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Illustration by Joan LeMay

A few months ago, I read a glowing case study about an organization that achieved Agile adoption at scale. Using a popular scaled Agile framework, they were able to reorganize their entire product function into small, cross-functional teams led by newly minted product owners. These teams were kept in close alignment through transparent and well-understood company goals. It was a well-told story with a happy ending: a legacy organization fully transitioned to an exciting new way of working.

The funny thing is, I actually did some work with this very organization a couple of years ago. And while their Agile transformation may look like a by-the-book success on paper, it looked very different on the ground. Those newly minted product owners? Many of them were former “business analysts” who had been given a new title with zero information about how their responsibilities had changed. Those transparent and well-understood company goals? They were still secondary to inconsistent short-term mandates coming from management. …


The asynchronous communication tools preferred by most organizations are exacting an enormous and largely unseen toll.

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Does your inbox look like this? Illustration by Joan LeMay

It’s a typical Monday morning at CompanyCo. The smell of freshly brewed coffee fills the air, folks are cordially recapping their weekends, and you’re *finally* digging in to that big presentation you’re supposed to give on Friday. As you scan through the slides you started putting together last week, it occurs to you — you’re presenting to some pretty important people. It probably couldn’t hurt to get some quick feedback from the design team. You look around the office —everybody seems pretty busy. …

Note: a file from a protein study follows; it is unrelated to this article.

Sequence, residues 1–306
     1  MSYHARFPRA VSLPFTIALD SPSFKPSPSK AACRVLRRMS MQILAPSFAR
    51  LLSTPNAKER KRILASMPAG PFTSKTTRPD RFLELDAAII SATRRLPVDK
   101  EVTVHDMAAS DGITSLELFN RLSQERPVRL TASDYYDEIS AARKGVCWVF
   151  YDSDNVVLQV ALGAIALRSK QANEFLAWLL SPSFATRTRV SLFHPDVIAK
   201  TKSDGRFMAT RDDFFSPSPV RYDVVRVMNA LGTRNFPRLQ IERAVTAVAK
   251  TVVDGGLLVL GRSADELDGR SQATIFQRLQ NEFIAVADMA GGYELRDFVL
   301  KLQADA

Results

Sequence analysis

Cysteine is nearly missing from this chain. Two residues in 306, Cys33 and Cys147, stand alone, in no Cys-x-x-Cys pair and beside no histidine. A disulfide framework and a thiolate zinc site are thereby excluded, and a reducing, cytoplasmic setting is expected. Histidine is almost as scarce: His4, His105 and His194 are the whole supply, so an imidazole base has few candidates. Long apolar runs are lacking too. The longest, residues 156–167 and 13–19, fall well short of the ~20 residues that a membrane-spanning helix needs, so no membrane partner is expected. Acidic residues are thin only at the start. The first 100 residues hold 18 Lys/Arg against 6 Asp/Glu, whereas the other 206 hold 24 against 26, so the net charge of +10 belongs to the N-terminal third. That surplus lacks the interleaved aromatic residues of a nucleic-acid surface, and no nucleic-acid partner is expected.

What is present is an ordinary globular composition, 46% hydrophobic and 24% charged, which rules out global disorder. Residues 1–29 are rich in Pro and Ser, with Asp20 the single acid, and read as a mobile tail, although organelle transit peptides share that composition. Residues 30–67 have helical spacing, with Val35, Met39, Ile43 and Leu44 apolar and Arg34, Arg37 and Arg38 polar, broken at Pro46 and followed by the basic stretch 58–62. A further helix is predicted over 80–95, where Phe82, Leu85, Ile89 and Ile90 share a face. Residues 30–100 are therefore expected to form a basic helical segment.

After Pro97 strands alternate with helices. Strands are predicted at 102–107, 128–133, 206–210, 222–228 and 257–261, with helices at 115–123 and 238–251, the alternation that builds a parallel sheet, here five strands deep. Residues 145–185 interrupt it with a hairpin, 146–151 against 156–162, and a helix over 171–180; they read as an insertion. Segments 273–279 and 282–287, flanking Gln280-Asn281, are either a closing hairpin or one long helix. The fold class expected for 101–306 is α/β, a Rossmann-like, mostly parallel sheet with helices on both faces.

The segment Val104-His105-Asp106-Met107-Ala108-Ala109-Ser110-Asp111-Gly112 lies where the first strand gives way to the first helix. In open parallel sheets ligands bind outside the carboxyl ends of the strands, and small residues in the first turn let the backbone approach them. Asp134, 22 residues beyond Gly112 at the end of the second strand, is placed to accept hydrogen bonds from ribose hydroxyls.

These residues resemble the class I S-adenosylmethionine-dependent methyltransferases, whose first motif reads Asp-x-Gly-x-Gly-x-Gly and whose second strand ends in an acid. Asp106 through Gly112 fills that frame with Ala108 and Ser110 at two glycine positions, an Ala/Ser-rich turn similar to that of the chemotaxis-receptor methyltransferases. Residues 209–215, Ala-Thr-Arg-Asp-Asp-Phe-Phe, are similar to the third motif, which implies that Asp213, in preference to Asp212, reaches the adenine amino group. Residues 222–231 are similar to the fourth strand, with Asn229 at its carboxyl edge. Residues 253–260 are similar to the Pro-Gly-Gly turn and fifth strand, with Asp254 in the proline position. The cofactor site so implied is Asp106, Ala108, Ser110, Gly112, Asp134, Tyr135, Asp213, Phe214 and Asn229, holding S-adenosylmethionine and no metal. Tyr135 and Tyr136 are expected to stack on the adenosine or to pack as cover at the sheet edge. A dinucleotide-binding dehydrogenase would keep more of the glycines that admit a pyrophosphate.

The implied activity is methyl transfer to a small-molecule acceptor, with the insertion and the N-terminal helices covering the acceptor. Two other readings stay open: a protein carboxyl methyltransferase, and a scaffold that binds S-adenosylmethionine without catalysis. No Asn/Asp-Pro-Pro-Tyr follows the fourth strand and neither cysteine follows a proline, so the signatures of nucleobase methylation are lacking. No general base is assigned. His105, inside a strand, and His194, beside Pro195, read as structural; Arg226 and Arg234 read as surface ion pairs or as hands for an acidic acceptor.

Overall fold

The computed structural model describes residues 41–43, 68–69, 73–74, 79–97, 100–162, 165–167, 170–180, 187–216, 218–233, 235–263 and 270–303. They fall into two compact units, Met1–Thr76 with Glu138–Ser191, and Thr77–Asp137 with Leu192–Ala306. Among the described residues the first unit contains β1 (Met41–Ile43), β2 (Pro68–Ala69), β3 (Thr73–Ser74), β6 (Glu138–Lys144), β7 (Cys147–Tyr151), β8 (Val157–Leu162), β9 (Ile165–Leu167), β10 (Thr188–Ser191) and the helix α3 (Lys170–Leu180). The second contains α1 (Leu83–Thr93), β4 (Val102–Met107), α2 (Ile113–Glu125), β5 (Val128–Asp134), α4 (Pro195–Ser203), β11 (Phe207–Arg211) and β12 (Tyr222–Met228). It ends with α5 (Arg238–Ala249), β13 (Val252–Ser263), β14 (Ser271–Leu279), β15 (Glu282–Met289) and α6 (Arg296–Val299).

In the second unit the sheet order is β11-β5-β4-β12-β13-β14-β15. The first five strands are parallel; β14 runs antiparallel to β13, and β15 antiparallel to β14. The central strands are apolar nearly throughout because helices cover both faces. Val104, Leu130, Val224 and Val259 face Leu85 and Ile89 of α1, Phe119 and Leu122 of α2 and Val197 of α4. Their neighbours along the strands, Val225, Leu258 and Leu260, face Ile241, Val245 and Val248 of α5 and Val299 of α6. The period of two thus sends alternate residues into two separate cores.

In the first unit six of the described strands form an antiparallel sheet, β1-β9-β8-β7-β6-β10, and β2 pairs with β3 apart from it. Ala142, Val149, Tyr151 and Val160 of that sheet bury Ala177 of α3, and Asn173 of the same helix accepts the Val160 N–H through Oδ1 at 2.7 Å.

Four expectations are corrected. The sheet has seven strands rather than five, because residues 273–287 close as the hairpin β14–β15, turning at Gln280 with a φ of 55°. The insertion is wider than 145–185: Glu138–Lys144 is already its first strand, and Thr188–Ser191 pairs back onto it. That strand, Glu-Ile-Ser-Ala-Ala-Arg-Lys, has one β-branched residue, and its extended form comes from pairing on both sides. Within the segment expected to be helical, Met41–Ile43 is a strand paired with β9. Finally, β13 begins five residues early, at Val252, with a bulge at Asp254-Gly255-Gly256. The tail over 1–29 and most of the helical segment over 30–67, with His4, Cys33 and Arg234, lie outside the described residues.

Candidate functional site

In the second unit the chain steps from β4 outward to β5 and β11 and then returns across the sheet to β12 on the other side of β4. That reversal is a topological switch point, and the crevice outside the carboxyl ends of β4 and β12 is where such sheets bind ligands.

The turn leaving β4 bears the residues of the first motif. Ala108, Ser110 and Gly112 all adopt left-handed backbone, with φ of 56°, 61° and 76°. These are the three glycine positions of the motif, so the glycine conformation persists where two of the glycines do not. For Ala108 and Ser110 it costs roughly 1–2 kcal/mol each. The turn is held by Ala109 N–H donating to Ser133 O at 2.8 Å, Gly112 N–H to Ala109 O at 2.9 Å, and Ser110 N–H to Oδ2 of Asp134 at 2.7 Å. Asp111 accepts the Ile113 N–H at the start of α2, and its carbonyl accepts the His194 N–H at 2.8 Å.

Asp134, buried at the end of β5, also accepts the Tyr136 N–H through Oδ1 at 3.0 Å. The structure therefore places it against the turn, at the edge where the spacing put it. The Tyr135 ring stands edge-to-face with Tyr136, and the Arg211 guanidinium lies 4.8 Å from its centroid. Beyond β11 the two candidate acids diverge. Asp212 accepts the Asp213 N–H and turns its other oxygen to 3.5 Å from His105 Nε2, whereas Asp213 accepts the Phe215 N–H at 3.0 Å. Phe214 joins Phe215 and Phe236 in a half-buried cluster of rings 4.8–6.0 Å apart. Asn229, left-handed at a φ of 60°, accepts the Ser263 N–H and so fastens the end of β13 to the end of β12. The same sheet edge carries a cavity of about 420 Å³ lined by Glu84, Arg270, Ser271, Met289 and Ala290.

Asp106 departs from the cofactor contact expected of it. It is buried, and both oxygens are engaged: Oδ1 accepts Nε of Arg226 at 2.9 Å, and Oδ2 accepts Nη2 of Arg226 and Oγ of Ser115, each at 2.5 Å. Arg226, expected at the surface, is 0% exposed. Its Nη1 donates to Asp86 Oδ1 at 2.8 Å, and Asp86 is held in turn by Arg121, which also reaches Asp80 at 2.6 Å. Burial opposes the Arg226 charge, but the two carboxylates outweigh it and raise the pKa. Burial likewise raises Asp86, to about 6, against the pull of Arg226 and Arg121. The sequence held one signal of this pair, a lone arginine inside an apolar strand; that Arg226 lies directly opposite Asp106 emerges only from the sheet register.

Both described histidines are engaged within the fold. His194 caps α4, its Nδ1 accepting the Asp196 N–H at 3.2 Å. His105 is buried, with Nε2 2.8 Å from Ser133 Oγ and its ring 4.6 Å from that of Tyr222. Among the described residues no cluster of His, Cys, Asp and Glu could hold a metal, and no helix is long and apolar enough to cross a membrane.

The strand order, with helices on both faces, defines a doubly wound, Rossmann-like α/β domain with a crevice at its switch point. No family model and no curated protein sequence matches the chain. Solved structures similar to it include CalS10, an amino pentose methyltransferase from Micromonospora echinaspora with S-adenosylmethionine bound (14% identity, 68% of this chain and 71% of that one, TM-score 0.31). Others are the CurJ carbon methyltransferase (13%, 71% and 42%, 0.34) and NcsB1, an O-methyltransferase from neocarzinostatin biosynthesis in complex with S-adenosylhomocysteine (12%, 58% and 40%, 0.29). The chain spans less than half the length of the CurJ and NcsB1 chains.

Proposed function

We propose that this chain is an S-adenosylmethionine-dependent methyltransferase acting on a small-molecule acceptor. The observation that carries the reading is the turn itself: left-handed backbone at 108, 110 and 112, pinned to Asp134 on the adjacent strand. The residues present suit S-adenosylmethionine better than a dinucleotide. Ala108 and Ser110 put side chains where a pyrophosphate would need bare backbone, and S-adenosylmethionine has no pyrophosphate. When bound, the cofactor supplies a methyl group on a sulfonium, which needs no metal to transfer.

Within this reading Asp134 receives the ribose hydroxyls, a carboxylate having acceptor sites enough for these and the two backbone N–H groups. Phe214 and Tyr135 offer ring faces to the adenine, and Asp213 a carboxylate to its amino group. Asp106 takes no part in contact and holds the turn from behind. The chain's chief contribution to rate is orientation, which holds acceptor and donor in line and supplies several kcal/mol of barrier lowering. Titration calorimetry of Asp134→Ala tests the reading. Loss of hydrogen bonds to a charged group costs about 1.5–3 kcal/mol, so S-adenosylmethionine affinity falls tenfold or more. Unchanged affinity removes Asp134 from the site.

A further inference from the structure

The quest for small, fast, and autonomous teams is creating fragmented, confusing, and disjointed experiences.

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Illustration by Joan LeMay

Trouble in Paradise

In my work as a product coach and consultant, the first question I usually get asked is, “How can we be more like [famous tech company X]?” This question has been answered countless times in well-publicized case studies, such as Amazon’s “two-pizza teams,” Spotify’s “squad, tribes, chapters, and guilds” model, and Facebook’s since-retired “move fast and break things” mantra. Taken as a whole, these stories paint a compelling picture of what product development looks like in best-in-class digital companies: small, autonomous teams operating at lightning speed.

The idea of small, autonomous teams — core to many Agile methodologies used by modern technology companies — offers an appealing alternative to the bureaucratic, command-and-control structures that still dominate the corporate world. And yet, this approach also carries a substantial risk: that the products created by small, autonomous teams will feel like a disconnected set of small, autonomous features.


Why most organizational transformation efforts are more or less the same — and why most of them fail.